Art by David Revoy/ Blender Foundation


By Tyger Schonholzer

If you think the small, insignificant bird that landed on your window and tweeted so sweetly triggered your homesick longing, you weren’t paying close enough attention.

It is an easy mistake to make. Although the modest brown Passerine astonishes with its warbles, trills, and gurgles, it does not wrench your heart. What soars beyond it is the true source of your pain and is the sole reason for the small bird’s nightly call.

If you could understand the songster’s language, you might hasten to close your window, pull the covers over your head and pray. If you could heed his warning, you might save yourself from slicing your wrists with shards of broken glass and watching your life pulse away onto the stone floor.

You call him Nightingale, yet the one who bears that name lurks in the shadows and rides the autumn winds. The bird is only its herald. Listen to his lovely call at your peril. Danger follows behind him. Do not linger at the window if you mean to live into the next year.

Nightingale swoops not from the sky but from the depths of Yffern. Its wings are not of flesh and blood, but spun from darkest despair. You will not see it against the night sky, yet its many-colored, shimmering coat confounds and taunts the eye like a three-dimensional illusion.

Its name hints at its true nature, and was given by distraught sailors eons ago. Storm-battered prayers rising from trembling lips begged mercy. “Do not let us perish in this tempest. Do not let night fall on us in this gale!”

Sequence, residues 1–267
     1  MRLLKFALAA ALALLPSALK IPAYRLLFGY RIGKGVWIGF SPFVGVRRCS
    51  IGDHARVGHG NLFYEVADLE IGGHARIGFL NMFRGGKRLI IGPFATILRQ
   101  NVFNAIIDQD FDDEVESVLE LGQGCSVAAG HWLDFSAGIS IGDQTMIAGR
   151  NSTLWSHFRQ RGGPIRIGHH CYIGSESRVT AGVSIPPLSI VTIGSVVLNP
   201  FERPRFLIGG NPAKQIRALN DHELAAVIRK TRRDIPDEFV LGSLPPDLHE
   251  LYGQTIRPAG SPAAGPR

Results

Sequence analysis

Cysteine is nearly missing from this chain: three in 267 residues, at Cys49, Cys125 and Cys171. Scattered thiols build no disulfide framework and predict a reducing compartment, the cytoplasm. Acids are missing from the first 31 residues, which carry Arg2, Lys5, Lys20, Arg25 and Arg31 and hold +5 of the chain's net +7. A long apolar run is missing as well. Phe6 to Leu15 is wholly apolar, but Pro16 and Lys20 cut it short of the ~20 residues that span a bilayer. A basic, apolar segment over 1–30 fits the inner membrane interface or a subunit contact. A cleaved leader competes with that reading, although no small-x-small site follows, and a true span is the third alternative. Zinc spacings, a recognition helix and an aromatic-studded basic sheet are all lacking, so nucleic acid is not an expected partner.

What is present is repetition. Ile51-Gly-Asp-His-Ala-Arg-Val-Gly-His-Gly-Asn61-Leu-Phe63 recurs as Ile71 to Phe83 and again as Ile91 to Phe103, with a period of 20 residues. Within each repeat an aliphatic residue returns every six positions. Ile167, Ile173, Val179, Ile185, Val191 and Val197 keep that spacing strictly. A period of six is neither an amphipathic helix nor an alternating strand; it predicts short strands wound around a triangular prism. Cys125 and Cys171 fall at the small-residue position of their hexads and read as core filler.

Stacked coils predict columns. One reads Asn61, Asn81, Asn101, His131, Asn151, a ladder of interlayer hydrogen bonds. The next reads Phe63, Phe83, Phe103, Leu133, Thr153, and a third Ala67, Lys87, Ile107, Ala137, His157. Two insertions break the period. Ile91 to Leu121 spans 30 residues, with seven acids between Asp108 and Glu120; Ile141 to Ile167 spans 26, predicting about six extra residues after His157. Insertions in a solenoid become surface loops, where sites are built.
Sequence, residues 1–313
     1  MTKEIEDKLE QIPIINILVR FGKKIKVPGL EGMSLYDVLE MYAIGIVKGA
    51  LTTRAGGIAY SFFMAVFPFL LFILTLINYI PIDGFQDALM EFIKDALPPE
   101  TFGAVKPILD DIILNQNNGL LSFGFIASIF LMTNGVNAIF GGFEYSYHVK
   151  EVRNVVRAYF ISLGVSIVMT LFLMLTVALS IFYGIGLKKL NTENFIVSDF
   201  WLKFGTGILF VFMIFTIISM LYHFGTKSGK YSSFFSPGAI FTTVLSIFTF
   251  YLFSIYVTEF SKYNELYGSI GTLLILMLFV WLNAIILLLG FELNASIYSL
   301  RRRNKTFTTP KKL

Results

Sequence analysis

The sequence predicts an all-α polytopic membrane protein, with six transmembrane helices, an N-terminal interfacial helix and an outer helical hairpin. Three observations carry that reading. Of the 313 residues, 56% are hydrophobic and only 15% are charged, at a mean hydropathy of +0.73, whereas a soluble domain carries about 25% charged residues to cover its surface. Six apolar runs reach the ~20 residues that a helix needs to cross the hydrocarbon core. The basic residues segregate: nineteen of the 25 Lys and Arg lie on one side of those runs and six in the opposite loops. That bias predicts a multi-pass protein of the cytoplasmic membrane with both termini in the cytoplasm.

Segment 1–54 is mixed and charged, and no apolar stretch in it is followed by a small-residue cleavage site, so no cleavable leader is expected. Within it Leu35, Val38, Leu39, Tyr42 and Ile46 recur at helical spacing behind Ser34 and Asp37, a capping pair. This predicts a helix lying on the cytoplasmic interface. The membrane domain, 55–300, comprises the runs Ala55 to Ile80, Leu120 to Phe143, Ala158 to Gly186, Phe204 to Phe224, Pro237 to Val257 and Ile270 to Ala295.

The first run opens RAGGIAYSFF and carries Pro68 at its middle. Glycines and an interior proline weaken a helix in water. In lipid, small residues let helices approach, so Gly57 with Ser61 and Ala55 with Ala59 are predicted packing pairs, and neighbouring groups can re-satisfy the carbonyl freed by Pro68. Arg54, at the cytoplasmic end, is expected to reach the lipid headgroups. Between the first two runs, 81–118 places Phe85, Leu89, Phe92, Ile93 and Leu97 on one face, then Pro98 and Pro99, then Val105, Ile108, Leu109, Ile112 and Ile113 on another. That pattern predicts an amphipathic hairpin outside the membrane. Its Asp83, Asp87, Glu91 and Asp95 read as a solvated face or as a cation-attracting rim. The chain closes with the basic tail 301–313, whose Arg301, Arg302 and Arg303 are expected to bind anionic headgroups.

And yet, night fell and men drowned while Nightingale sucked life from their souls and blood from their bodies. Did they hear the bird sing, just before the horrid creature struck? Perhaps they did, but we shall never know.

Last night, the warbler sang behind my home. I ran to close my windows, lock my doors, and light my white candles against the dread that would surely follow. My gratitude to the small bird for his warning! I am still alive today.

Outside my door, my true love lies sprawling, his eyes broken. His hand clutches a letter still, yet his wrists are sliced and the blood has long since stopped flowing.

Did he ring my doorbell? Did he try to speak to me?

I cry out and with shaky fingers dial the paramedics, although I know that his life is already spent.

In the morning sun, a tiny brown bird raises his wings. He does not sing today.

Tyger Schonholzer is a respiratory therapist and writer who lives on a small farm in East Texas. Her short stories were published by Bewildering Stories and The Writer’s Desk, her poetry in Sol Magazine. She blogs irregularly but passionately. Her poetry chapbooks are available at and her novel, ‘Once Upon a Rape’ is available as ebook from Amazon. Her personal website provides links to her activities:

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